“The end result is that corn, traditionally America’s most abundant natural resource, has turned into the focus of a scarcity scare, with futures prices nearly doubling, in just eight months. So taxpayers end up subsidizing this folly thrice: Once in federal payments to corn producers that totaled almost $9 billion last year, again in a tax credit of 51 cents per gallon for ethanol producers and a third time in the supermarket checkout line.”

SO TO STOP FOR TODAY, If nothing more this survey of questions and readings are also an invitation to put together some information with the end goal to compile something educational, simple and clear: What? Who knows? Fotonovelas? Kids literature? Decentralized education talleres? Downloadable pdfs, external blogs with links to wikis? Unique entries in wiki, like Mexico-US Tortilla scam of 2007, etc… ?

** I have yet to include the 20+ references, PS,  Any suggestions or help would be greatly appreciated.



The Environmental Working Group’s Farm Subsidy Database

A text on rising tortilla prices in Mexico:
Big Biotech is Forcing Farmers to Buy GMO Seeds: The Plot Against Mexican Corn
by John Ross, from last month at counterpunch,org:

Institute for Agriculture and Trade Policy

(Wikipedia has nothing much to offer so far over corn subsidy. The agriculture subsidy articles are unsatisfyingly “neutral” and abstract) (24).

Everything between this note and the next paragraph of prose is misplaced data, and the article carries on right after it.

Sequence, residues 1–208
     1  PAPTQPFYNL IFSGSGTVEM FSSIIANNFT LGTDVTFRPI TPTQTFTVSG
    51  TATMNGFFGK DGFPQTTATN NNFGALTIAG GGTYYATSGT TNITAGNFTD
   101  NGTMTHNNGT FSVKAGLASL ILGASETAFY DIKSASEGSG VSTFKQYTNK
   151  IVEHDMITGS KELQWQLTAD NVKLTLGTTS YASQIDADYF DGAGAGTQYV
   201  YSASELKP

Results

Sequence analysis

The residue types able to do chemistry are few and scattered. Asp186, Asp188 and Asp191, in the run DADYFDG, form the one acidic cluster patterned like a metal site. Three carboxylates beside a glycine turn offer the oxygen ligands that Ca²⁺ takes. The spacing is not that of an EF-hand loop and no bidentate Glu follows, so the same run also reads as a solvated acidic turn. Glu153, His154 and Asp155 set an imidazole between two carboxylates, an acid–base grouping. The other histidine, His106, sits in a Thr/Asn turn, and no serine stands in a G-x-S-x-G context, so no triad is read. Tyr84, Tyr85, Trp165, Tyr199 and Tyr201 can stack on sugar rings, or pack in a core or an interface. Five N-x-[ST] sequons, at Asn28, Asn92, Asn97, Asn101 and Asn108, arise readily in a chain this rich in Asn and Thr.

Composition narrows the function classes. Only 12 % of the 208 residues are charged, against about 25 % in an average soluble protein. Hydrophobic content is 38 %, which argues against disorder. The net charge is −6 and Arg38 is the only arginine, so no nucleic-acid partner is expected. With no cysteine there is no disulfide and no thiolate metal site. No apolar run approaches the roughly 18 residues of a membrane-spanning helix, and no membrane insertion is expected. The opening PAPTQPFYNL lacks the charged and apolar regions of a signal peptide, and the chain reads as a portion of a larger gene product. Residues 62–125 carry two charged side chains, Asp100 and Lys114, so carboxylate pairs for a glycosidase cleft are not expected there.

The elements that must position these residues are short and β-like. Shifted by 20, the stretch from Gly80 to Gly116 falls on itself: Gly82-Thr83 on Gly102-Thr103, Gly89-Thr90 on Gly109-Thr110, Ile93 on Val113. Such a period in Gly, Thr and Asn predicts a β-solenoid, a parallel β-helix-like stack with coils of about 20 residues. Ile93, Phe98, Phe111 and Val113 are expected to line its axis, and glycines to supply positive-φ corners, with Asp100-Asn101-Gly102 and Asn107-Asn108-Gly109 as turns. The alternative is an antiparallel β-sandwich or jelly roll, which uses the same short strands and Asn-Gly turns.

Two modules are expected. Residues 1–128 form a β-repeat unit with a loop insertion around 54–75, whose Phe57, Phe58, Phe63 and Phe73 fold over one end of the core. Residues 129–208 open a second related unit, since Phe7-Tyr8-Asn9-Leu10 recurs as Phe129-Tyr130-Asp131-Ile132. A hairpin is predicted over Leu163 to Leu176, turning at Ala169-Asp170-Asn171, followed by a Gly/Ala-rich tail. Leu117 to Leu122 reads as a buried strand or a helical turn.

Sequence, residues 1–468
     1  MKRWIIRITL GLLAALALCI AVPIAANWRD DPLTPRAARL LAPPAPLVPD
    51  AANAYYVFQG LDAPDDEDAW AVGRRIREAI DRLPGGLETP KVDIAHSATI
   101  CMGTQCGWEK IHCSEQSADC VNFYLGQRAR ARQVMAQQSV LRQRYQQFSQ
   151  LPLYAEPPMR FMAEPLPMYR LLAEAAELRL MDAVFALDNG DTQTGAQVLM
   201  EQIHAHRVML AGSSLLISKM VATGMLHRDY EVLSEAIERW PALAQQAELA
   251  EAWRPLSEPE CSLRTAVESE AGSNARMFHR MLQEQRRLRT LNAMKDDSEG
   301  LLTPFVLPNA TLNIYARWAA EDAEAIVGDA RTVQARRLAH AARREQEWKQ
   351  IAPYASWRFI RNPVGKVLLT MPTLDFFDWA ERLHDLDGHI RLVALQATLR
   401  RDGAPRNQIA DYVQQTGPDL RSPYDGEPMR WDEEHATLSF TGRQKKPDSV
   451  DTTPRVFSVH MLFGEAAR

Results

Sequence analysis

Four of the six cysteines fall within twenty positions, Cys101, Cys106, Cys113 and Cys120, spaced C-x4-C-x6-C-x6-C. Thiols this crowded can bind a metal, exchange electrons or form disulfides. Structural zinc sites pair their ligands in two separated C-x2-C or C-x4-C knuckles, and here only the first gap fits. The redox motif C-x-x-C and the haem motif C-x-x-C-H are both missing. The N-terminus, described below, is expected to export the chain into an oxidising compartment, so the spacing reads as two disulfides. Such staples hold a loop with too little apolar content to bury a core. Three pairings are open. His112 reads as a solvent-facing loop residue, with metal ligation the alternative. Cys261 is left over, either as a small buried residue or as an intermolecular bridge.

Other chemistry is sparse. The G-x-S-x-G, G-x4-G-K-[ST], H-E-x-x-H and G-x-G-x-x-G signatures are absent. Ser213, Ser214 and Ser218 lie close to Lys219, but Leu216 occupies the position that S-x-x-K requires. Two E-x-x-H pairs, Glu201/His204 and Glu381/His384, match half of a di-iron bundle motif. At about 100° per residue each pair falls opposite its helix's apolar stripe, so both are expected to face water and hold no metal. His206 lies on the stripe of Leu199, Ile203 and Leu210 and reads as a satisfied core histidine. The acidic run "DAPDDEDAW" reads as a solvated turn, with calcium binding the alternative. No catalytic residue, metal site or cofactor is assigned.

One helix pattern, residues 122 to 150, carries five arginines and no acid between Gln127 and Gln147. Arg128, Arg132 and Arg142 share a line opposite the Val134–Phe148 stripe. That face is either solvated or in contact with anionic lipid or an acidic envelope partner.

from reddit, a charted discussion of ethanol and the invisible hand, “Ethanol and the law of unintended consequences.”

also from Wikipedia, on the “invisible hand“. The entry quotes Noam Chomsky commenting on the misrepresentation of the original Adam Smith metaphor.

And there is a much more reduced definition of invisible hand from economic terms at ask.com

“A term used by Adam Smith to describe his belief that individuals seeking their economic self-interest actually benefit society more than they would if they tried to benefit society directly. The statement “What’s good for the country is good for General Motors, and vice versa” expresses essentially the same belief.”

And a search on corn subsidy turned up an article in the Christian Science Monitor by Michael Pollan, the author of “The Botany of Desire”:

And “The stupidest federal subsidy” from slate.com, describing in some depth the inefficiency of using ethanol as alternative fuel:

zFacts.com on ethanol inefficiency: corn ethanol production and efficiency, also:

And various links about agriculture subsidy from the Washington Post, which I haven’t looked at carefully yet: